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California is in danger of losing a House seat after adding 2.3 million people


From 2010 to 2018, the state of California added about 2.3 million people according to new estimates released by the US Census. Its population, already the largest in the US, to close to 39.6 million. And California’s population increase of 6.2% has been greater than the 6.0% increase across the country.

Yet, due to the US’s complicated rules for giving states representation in Congress, California might soon lose one of its seats in the House of Representatives. Losing that seat would also mean the loss of a vote in the Electoral College, which determines the winner of presidential elections.

Since 1913, the number of representatives in the lower chamber of Congress has been capped at 435. While each state has two members in the higher chamber of the Senate, the number of its representatives to the House is determined by the size of a state’s population—though each state is automatically given one representative. (Populous California has 53 representatives, for example, and Alaska just one.)

Every 10 years, after the US government conducts its comprehensive census, the House’s representatives are reapportioned by state. For most, this doesn’t lead to a change. For those that grew much faster or slower than the country as a whole, it can mean gaining or losing power. Fast-growing Texas gained four seats after the 2010 Census as its population exploded. New York lost two seats. On average, after the 2010 Census, a House member represented about 700,000 people.


The number of seats in the House needs to be dramatically increased and more fairly distributed. That is a major fix for the both the Electoral College and the inequity of legislative power in the House itself.

Scared yet? Ted Lieu sends a red alert on Trump and nuclear first strikes


Scared yet? If so, support HR 669 / S 200 by Sen @EdMarkey and me. The bipartisan legislation prevents @POTUS from launching a nuclear first strike without Congressional authorization.


"Thursday's decision by Jim Mattis to leave the stifling, rapidly collapsing confines of Trump’s insane clown posse administration was always inevitable, but that hardly makes the psychological impact of his departure any less traumatic." - @TheRickWilson

Ayanna Pressley Will Get Her Dream Office Thanks To Fellow Rep.-elect Katie Hill


Ayanna Pressley's longtime dream has been to occupy the office once held by her "shero" Shirley Chisholm, the first Black woman to ever be elected to Congress. Pressley, who defeated a 10-term incumbent in the primary and in November became Massachusetts' first Black congresswoman, has often spoken about how Chisholm paved the way for women like her to serve the country.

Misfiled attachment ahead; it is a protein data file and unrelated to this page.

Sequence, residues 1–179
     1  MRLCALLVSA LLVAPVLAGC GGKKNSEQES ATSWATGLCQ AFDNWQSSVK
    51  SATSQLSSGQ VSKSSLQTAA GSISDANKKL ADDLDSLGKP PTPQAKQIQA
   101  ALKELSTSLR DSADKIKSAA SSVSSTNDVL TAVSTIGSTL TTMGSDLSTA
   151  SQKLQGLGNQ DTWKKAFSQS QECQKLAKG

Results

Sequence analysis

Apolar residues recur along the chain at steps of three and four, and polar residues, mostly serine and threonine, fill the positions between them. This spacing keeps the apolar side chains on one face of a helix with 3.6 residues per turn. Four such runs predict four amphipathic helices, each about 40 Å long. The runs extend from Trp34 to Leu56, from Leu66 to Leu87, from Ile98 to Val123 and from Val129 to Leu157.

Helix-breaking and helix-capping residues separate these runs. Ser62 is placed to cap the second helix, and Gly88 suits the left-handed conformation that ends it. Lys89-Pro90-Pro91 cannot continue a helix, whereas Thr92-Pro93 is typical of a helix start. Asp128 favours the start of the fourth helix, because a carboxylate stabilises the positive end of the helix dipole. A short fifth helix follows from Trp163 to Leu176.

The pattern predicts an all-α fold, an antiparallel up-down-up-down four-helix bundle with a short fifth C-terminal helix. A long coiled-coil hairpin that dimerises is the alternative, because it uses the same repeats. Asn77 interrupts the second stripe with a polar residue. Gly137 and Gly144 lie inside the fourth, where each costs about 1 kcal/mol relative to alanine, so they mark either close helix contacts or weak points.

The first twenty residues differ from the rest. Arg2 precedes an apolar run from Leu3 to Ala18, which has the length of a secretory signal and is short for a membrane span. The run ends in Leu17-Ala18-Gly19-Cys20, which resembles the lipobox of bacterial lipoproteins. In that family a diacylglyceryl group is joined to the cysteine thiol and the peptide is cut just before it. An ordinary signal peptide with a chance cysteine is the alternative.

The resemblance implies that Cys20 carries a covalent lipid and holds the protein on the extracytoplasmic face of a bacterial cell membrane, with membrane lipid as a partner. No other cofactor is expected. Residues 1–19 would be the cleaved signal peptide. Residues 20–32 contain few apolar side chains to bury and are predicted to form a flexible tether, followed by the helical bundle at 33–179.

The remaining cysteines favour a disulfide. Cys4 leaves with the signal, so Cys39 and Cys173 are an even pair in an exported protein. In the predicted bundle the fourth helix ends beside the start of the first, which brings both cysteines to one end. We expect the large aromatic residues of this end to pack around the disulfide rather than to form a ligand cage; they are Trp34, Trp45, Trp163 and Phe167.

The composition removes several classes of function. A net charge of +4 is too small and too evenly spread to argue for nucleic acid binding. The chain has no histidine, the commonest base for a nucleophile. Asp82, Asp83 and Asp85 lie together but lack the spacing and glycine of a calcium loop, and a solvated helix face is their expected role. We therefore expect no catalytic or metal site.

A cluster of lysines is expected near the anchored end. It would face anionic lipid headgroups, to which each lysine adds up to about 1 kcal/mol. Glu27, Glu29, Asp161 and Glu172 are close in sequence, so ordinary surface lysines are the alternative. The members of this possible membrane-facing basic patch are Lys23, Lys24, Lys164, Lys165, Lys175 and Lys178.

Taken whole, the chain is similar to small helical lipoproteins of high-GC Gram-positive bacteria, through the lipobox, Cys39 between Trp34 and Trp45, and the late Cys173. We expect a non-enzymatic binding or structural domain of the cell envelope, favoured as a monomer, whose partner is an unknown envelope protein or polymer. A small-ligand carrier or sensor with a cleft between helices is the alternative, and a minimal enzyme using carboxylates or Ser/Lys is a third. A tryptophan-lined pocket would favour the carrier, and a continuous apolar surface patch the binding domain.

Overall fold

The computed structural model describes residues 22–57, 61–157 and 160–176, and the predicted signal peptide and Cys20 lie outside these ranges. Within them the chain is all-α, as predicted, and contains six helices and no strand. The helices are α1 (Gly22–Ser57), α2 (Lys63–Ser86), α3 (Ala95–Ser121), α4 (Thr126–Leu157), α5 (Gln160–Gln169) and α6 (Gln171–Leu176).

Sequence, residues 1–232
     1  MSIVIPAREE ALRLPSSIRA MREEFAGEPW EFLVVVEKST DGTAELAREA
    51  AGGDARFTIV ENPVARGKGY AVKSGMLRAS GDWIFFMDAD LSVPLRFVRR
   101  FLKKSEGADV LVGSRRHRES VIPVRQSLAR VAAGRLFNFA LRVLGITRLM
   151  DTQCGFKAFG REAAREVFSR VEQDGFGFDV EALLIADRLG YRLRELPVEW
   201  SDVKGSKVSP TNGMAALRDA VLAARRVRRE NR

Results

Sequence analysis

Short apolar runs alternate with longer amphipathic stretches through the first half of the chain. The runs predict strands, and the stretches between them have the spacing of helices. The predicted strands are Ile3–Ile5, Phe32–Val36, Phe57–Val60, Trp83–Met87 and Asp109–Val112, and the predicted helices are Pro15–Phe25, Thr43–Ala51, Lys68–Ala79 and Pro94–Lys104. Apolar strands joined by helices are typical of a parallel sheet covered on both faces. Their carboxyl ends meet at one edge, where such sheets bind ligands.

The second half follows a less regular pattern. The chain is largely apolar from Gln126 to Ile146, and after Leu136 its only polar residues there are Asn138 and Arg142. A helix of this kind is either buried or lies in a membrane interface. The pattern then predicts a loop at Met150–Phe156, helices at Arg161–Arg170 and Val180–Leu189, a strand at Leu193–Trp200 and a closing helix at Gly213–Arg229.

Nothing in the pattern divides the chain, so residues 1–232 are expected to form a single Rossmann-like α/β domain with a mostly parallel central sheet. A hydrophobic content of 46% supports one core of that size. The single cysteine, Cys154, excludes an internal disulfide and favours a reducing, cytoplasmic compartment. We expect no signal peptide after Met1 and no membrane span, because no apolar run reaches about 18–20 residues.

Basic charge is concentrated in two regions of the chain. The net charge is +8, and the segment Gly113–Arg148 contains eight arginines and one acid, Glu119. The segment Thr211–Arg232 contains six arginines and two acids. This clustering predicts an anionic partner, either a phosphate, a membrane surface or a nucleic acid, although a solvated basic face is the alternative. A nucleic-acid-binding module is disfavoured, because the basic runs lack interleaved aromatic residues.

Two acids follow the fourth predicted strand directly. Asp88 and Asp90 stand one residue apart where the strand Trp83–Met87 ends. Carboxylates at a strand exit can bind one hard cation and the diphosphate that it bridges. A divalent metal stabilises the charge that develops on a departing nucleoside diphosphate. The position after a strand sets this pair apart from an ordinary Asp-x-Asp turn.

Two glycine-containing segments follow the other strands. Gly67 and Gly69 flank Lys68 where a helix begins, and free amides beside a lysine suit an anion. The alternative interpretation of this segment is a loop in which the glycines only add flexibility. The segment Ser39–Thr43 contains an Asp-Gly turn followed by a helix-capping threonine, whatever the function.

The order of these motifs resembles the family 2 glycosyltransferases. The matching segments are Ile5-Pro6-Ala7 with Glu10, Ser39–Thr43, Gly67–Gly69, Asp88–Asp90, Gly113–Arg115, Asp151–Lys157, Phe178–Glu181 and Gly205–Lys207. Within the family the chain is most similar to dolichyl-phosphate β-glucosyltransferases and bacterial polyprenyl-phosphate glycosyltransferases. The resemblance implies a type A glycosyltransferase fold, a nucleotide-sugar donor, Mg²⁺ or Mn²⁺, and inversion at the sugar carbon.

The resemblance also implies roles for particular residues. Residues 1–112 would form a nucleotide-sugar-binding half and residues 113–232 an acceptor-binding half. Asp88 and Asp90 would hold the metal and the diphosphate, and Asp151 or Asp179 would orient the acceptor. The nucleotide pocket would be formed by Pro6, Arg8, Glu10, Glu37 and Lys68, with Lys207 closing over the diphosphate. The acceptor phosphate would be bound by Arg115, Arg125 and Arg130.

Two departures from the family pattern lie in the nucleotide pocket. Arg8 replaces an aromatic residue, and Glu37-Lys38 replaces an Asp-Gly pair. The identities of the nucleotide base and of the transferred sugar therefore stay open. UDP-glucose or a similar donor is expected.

This is why at the office lottery for freshman lawmakers, a high-stakes event that took place at the end of the congressional orientation last month, Pressley tried to channel Chisholm's good vibes as she drew her number. But the Democrat from Massachusetts' 7th congressional district wasn't so lucky, drawing the slot no. 38 out of 85, which left her with poor chances of getting to pick her dream office.

Enter Katie Hill, an incoming representative from California who was also one of the many women who pulled major upsets against Republican incumbents in the midterm election. Hill, from CA-25, offered to swap offices with Pressley because she knew how much Chisholm's legacy meant to her.

The former Boston city councilwoman tweeted Monday: "Wow! TY Mommy for the extra bday luck! We just learned my Congressional Office designation will be #ShirleyChisholm's former office. How's that for divine intervention, AND the selflessness of my colleague @KatieHill4CA who drew a better lottery# but still wanted me to have it."
In a retweet, Hill responded: "No doubt you’re going to do amazing things from that office — I am so excited to serve with you!"



A Rhode Island School District Is Sending Debt Collectors After Families Over Unpaid Lunches

A school district in Rhode Island wants its lunch money back—and has hired a private debt collection agency to go after parents to get it.


The chief operating officer of schools in Cranston, Rhode Island, recently sent a letter to parents warning them that the district had hired Transworld Systems, a private debt collector, to compel families with unpaid lunch balances to hand over the money, according to a local news report by WPRI.

A week’s worth of lunches in Cranston elementary schools costs $12.50. In middle and high school, that price goes up to $16.25. According to the school’s “unpaid lunch policy,” reported by ThinkProgress, students who do not have money for lunch can charge up to five hot meals. If at that point they do not repay their debt, they are fed a “sunny butter sandwich, fruit, and milk” instead of a hot lunch each day—though they are still charged the full lunch price. The policy also encouraged families to apply for free or reduced-priced hot lunches, which are available based on income.

In his letter, the Cranston school district COO, Raymond L. Votto Jr., argued that the step to hire a debt collector was a financial necessity for the district, which has amassed an unpaid lunch balance of $45,859 just since September. The district had previously required families to pay their full school lunch bill by the end of the school year, but many did not pay. Over the past two school years, the district’s unpaid balance lunch balance reached a total of $95,508, according to Votto. “The District lunch program cannot continue to lose revenue,” he wrote.

Transworld Systems will begin attempting to collect the debts on January 2, WPRI reports. Parents who do not pay—or who can’t afford to—could then be reported to national credit bureaus, affecting their credit score.


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